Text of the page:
STAR doesn’t want Malayan issues in Sarawak

KUCHING: Sarawak must not be sucked into the racial and religious discord, and hate speech playing out in Malaya today.

Soo (seated centre) with STAR members in Sibu.

State Reform Party Sarawak (STAR) president Lina Soo said to be embroiled in the problems and controversies of the Pakatan Harapan (PH) government which were self-inflicted would distract Sarawak and its people from preparing for a better future. 

“Sarawak’s concerns are bread-and-butter issues, things like access to basic necessities such as water and electricity supplies, healthcare, food, education, jobs, business opportunities and welfare for the unfortunate. 

“We need Sarawakians uplifted from poverty, and every Sarawak citizen has equal opportunity to pursue his economic, social and political future,” said Soo in a statement yesterday.

She stressed that Sarawakians need to set priorities, be socially and politically mature, and happy with the government. 

“We must not be distracted by all the political drama from quarters which have nothing to do with us, and instead to stay focused on working towards a better Sarawak. 

“It is up to Sarawakians themselves to seek a life of security, prosperity, freedom and independence, and indeed they should do so, sooner rather than later,” she said.

She then observed that of late, there have been many issues and controversies boiling over from Malaya. And one alarming problem today is the proliferation of hate speech which is a scourge and menace to a society where ethnic relations are fragile.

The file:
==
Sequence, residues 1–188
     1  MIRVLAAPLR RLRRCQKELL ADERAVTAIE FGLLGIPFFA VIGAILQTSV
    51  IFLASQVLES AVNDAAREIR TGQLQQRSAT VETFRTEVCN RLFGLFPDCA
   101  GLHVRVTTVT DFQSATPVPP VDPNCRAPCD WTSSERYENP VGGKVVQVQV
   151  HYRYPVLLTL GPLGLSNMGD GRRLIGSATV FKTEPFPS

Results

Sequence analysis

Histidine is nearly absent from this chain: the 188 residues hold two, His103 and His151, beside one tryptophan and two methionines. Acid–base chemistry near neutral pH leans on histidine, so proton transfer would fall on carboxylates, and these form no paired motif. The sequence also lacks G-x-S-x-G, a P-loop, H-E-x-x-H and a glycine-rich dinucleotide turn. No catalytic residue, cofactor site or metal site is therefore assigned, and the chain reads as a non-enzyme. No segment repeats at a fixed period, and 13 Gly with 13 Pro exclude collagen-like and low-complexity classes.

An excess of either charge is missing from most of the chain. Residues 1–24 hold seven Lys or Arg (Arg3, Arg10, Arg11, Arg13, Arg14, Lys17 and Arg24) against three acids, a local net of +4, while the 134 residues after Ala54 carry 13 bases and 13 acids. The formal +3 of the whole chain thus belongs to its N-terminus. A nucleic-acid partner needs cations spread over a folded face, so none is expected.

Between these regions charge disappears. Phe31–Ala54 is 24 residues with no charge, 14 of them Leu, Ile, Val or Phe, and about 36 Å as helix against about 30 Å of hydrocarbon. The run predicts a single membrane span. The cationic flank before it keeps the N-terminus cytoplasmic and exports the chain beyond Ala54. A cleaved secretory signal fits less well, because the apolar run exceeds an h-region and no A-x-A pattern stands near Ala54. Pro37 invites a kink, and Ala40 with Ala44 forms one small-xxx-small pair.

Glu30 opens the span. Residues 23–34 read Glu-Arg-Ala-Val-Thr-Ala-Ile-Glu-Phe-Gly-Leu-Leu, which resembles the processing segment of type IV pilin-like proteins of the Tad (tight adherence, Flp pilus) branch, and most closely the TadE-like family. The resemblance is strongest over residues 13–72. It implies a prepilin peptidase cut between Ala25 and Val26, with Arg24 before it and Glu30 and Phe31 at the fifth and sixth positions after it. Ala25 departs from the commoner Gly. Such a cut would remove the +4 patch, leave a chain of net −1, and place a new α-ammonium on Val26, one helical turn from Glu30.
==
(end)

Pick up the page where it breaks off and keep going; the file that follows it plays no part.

“In building a multi-ethnic and multi-cultural country, there must be racial unity and religious harmony in tandem with economic and social development. 

“In a country where ethnicity is played to the hilt in politics, the racial approach to economic development is the rule of the day with resources channelled not according to economic needs but based upon race-based policies, there may indeed be little light at the end of the tunnel towards establishing a united nation of people with a shared sense of duty and destiny,” she said.

She stressed that escalation of acrimony and hostilities between communal groups — ethnic and or religious — will result in conflicts which may possibly lead to state failure. 

“A failed state is when a sovereign government no longer functions properly due to societal collapse or the failure of state institutions,” said Soo.